The first thing is Elisha's test of faith and perseverance after he had received the knowledge of a call. You notice and it is a familiar story how Elijah, on the one hand, seemed to be trying to shake off Elisha: "Tarry here...." "Tarry here..." ; "Tarry here...." To every such urge of Elijah, Elisha rejoined: "As the Lord liveth, and as thy soul liveth, I will not leave thee."
On the other hand, the sons of the prophets in every place they visited said: "Knowest thou that the Lord will take away thy master from thy head to day?" seeking to discourage, to deter him. There is no element of encouragement about this repetition. Elisha replies: "Yea, I know it; hold ye your peace." It makes no difference to me: I am going to follow on to the end: I am going to see this thing through. It may be the Lord's will to take him away, but I am going to be there when it happens.
And so, whatever the meaning of Elijah's repeated effort to get him to stay may have been, he could not influence this man one bit, could not shake him off. Elisha was exercising faith, with a persistence and endurance which is the outstanding feature of this chapter.
In what connection is his faith being exercised, and in what connection is his persistence being tested? Well, Elijah has what he needs! It comes within that realm of some being discouraged, being able to be put off, and saying, while others go on, "These are hard sayings, who can hear them?" "From that time many of His disciples went back, and walked no more with Him." They are discouraged more or less easily, and they go away.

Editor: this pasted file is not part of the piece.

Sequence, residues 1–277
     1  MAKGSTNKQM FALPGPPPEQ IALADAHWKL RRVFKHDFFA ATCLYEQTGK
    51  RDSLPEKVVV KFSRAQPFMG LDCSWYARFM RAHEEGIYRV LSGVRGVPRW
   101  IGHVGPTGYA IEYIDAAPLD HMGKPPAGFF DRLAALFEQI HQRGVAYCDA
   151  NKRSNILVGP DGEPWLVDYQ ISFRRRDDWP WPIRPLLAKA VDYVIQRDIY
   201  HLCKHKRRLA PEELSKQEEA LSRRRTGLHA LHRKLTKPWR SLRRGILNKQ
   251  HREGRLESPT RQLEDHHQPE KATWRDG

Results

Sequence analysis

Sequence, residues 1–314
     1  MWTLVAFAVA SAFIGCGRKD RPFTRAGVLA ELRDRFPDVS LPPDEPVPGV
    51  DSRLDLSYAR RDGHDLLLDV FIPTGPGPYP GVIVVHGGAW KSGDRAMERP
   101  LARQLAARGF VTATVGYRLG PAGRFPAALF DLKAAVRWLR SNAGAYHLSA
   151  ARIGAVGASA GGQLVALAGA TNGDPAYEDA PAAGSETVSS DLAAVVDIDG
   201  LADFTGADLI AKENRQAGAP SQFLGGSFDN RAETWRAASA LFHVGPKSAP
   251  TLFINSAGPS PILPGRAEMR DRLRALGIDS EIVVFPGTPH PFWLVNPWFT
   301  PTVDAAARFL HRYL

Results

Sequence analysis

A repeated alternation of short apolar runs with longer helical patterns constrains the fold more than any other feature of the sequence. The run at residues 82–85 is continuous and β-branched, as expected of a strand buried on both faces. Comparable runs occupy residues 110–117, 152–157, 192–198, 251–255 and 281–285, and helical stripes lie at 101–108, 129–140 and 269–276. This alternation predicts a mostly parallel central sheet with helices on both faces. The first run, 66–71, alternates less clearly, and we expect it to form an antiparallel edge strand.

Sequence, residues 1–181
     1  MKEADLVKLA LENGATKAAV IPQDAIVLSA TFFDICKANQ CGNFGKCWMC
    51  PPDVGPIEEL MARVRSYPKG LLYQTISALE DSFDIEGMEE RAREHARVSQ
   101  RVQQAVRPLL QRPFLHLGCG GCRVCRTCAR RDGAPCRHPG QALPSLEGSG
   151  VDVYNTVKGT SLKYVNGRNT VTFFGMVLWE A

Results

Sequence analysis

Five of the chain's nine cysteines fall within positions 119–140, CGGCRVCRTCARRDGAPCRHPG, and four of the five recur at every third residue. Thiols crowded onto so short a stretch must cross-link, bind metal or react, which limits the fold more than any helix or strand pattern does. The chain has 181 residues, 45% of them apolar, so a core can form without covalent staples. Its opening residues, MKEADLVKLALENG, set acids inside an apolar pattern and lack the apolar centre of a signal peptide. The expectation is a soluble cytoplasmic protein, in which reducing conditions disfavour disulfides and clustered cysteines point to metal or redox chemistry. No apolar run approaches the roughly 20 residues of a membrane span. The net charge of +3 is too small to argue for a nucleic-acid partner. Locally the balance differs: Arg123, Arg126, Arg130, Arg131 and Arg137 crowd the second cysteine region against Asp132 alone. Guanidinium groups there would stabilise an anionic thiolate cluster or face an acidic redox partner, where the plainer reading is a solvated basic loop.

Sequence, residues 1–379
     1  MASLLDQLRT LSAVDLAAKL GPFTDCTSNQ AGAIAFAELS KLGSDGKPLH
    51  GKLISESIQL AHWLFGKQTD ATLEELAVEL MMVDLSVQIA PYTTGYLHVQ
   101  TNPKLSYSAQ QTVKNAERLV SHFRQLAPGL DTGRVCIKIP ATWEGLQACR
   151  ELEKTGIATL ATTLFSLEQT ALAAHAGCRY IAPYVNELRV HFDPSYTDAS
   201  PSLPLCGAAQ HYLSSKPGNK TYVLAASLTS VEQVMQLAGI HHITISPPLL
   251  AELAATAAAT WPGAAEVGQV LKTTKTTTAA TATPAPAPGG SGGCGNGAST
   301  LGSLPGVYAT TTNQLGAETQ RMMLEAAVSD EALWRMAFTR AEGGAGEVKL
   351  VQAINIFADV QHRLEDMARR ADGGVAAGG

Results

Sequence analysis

And the Lord turns to the twelve and says: "Will ye also go away?" Simon Peter answers: "Lord, to whom shall we go? Thou hast the words of eternal life." The Master has what is needed, and there is no thought of going away, being put off, discouraged, but the thought is to go on with Him, because He has the essential elements of that life.
Elisha knew that Elijah had what he needed for his life, for his ministry. So that when Elijah said: "Ask what I shall do for thee," Elisha replied: "Let a double portion of thy spirit be upon me." Elijah's rejoinder was: "Thou hast asked a hard thing: nevertheless, if thou see me when I am taken from thee, it shall be so unto thee..." Elisha knew that Elijah had the essential, and was not to be put off, or easily discouraged. Although it seemed that Elijah was trying to get rid of him, the other man refused to be got rid of; he was clinging to him for life. He was, moreover, being tested as to his faith, and as to his perseverance.
It is a part of Elisha's preparation, and that of all true instruments of the Lord. They will go through experiences in which they are tested to the very last ounce of endurance, along the line of it seeming to be that even the Lord is trying to shake them off. That is a very crude way of putting it; but so often there is every opportunity, if you are ready to accept appearances alone, to be discouraged, to feel the Lord does not want you, that after all, although you may have had the sense of a call, the Lord is not going through with it. Rather it looks as though you are being put back, and put back again.